A wrong location also makes the leaves more likely to curl. One of the reasons why the leaves of the maple tree react is that the plant receives too much sun. A warm, bright and sunny location is desired, but the maple cannot tolerate the blazing midday sun in summer. Burn the tender leaves. So the location for the Japanese maple should look like this:

  • sunny
  • Avoid blazing midday sun
  • ideal east or west balcony
  • covered terrace
Tip: If the bucket is placed on a stand with wheels, it can be moved on the terrace or a large balcony as required. If the midday sun shines very strongly in summer, the pot is simply moved to a shady place for this time.

Too little space

If the Japanese maple has outgrown its pot, the tub no longer offers enough space for the roots, then the plant also reacts here by shedding the leaves. This can be remedied quickly by choosing a larger bucket into which the Japanese maple is repotted. Drainage over the drainage hole and fresh substrate are also important. The reasons for this are that the roots can no longer absorb enough nutrients in a tight pot.


If there is a strong infestation of aphids, scale insects and spider mites, the Japanese maple also quickly loses its leaves, because many insects suck out the tender leaves. If the pests are found on the plant, then it should be washed off well. Spraying soapy water also helps against the annoying insects. If the infestation is very advanced, insecticides should be used.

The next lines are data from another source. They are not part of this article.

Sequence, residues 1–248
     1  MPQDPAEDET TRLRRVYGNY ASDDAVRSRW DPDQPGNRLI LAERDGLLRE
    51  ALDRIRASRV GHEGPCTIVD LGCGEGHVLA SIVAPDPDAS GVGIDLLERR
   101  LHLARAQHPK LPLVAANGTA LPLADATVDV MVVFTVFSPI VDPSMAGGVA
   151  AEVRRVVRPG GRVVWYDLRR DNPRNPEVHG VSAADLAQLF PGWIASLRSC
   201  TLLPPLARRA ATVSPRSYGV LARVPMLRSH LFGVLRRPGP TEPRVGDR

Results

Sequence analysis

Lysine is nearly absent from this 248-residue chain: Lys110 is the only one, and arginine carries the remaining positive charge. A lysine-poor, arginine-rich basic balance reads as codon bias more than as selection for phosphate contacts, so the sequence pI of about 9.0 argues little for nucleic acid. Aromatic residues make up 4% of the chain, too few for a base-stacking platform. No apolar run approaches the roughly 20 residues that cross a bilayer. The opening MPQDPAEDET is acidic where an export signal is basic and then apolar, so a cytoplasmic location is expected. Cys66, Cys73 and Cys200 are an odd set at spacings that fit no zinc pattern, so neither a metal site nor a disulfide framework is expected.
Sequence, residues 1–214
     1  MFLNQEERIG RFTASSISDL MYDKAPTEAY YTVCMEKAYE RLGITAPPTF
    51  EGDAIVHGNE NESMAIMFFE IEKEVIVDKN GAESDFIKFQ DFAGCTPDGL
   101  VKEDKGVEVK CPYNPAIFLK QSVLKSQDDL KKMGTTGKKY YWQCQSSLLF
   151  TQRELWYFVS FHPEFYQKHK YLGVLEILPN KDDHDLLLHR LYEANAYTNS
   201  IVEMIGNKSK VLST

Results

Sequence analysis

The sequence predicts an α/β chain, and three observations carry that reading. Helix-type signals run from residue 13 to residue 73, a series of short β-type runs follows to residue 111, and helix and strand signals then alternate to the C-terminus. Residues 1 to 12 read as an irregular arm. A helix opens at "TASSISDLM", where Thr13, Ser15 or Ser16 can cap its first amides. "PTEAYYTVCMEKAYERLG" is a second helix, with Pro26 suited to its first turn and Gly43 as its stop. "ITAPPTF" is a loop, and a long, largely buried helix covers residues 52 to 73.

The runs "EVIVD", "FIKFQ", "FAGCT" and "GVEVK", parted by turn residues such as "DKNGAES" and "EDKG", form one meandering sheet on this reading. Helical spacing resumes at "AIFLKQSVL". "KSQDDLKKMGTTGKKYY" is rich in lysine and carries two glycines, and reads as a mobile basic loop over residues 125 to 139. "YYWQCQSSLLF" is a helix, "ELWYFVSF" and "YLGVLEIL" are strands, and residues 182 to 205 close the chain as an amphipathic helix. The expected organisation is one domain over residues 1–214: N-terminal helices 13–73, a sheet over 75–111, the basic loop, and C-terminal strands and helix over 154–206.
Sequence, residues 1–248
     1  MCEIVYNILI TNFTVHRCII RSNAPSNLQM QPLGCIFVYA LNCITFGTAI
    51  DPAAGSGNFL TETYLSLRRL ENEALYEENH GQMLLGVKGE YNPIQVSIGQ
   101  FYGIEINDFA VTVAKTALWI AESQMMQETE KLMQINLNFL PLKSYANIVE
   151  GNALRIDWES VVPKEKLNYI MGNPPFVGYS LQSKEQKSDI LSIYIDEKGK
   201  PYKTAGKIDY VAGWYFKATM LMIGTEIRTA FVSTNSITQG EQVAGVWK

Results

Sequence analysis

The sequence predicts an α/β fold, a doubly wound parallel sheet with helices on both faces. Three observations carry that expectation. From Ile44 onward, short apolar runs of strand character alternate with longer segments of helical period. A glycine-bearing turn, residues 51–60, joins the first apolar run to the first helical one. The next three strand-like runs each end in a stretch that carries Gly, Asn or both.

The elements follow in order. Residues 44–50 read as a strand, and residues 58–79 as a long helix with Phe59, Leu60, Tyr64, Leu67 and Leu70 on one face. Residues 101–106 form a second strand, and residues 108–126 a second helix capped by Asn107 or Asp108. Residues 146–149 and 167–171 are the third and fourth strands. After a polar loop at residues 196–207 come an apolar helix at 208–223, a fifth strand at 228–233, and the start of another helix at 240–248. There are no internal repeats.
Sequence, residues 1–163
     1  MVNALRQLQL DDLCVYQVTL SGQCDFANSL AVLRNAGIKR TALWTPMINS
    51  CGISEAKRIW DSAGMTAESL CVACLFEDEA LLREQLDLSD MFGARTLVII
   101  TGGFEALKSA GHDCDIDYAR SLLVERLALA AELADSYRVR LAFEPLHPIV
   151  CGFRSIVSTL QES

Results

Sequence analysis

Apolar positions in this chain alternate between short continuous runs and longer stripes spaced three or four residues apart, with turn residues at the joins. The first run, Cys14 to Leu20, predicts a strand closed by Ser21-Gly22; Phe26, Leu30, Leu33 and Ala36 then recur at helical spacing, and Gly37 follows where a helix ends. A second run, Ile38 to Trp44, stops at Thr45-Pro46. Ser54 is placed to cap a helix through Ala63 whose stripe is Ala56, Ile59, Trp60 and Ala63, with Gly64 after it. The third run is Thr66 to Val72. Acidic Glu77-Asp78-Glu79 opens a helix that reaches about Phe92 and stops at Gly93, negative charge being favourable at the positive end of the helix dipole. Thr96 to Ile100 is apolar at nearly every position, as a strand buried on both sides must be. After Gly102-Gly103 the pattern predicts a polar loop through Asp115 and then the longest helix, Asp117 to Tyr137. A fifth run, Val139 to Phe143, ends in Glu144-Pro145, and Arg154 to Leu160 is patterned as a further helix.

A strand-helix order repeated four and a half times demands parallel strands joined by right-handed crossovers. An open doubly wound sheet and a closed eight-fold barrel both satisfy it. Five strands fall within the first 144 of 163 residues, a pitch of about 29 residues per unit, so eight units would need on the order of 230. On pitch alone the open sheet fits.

A fungal disease called Verticillium wilt is widespread among the Japanese maples. Here, too, there are brown corners on the leaves, which also pucker at the corners. Verticillium wilt can be recognized primarily by the fact that not all of the leaves are affected over a large area, but only one or two branches at a time. Plants that are weakened due to waterlogging or compacted soil are attacked by the fungus. If this is recognized, the following action must be taken immediately:

  • remove all affected branches
  • do not add to the compost
  • from here the fungus spreads throughout the garden
  • Dispose of in a well-sealed bag with the residual waste
  • Disinfect cutting tools well after use
  • Close the wound against fungi with tree wax
  • Repot the maple
  • use new substrate
  • provide strengthening nutrients
Tip: Using fungicides is not worthwhile, as the fungus is well protected in the maple wood and cannot be reached by the chemical agents. Therefore, all affected branches must be removed. If the entire shrub has been damaged, the only thing left to do here is to remove it completely.

If the Japanese maple is properly cared for, leaves can be prevented from falling off during the growing season. Watering, the nature of the soil and the location in particular are often the causes of leaves shedding on the plant. If mistakes are made here in the care, then the roots cannot properly absorb the required nutrients, the Japanese maple is weakened and is then also more susceptible to diseases and pests such as the severely damaging fungus, the Verticillium wilt.